• Salustiano Ribeiro (UCSF)
    • Rodney Roath (Loma Linda University)
  • Update
    • The subcommittee held its introductory meeting on February 25, 2022. The members reviewed charge and determined meeting schedule. The next meeting is scheduled on March 18, 2022, at 10-11:30 am.
    • Meeting schedule and meeting links information will be available on the CLTAC Website 

Report On Pop-Up Covid-19 Testing Sites (Robert J. Thomas and Mary Wogec)

  • LFS has received many complaints and media inquiries about COVID-19 pop-up testing sites during the last seven months. You may have seen COVID-19 pop-up test sites at shopping malls, parks, parking lots, and sidewalks, offering free COVID-19 tests. LFS has responded to inquiries from local health officers and federal investigators. LFS is in the process of conducting its own investigation regarding these operations, including onsite visits. LFS cannot comment any further on these operations since this is an ongoing investigation.
  • Information about laboratory laws for pop-up sites.
    • Testing or collections? Many of these sites are offering COVID-19 rapid testing with results in 15 minutes. Other operations collect specimens for molecular testing, which are submitted to an off-site laboratory for testing.
    • Any location where clinical testing is performed is considered to be a laboratory under federal and state law. Laboratories testing California specimens must have California licensure.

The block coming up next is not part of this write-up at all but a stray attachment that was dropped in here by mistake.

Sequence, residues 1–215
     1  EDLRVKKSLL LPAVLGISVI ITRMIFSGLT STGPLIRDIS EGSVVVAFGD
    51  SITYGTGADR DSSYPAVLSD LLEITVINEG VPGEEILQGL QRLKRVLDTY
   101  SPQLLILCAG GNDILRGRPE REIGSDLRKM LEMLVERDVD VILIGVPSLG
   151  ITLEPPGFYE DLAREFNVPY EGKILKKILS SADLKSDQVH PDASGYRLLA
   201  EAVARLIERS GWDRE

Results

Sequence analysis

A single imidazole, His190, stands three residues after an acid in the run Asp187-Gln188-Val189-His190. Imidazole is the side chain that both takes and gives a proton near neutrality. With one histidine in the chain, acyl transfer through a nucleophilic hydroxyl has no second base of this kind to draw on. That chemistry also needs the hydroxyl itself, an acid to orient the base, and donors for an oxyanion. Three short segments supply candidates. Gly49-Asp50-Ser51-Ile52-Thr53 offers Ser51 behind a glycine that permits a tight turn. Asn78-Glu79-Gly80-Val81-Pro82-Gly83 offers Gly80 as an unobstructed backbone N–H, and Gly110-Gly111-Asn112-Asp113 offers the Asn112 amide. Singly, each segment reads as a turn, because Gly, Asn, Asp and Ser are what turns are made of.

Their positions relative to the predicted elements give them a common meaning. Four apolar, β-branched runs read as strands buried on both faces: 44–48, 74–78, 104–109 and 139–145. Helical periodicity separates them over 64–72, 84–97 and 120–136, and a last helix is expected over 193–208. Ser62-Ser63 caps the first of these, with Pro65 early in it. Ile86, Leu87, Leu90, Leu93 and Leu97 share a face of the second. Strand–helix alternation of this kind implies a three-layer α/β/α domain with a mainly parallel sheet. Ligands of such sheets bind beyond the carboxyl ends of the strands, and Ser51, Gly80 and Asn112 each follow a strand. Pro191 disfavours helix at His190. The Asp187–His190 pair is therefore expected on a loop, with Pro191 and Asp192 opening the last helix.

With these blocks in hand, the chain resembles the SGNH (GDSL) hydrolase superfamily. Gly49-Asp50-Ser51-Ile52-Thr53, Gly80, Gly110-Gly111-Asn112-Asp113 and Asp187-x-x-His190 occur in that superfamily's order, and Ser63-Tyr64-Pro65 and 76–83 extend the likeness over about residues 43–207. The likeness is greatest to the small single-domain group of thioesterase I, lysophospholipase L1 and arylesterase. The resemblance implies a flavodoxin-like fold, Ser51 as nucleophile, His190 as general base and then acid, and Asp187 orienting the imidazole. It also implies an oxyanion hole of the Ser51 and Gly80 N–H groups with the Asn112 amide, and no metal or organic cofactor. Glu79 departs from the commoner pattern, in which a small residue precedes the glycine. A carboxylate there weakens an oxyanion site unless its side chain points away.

• A facility performing waived testing must have a federal CLIA certificate of waiver and state registration. A facility performing non-waives testing must have a CLIA certificate of compliance or accreditation and state license or certificate of deem status.
    • Collection sites that are not performing testing onsite do not need a CLIA certificate or state license. LFS has no regulatory authority for collection sites that are not operated by a laboratory.
    • State licenses and federal CLIA certificate are issued for the address listed on the license or certificate. A laboratory cannot copy a license from the one location and use it in a temporary location, unless the laboratory has authorization to operate a temporary testing site. 

Future Items (Zenda Berrada)

  • CLTAC members will be reviewing and updating the CLTAC By-Laws this year.
  • CalREDIE Reporting Subcommittee. 


  • Dora Goto moved to adjourn the meeting.
  • Mark Bernaldez seconded the motion.
  • The next CLTAC meeting is scheduled June 3, 2022.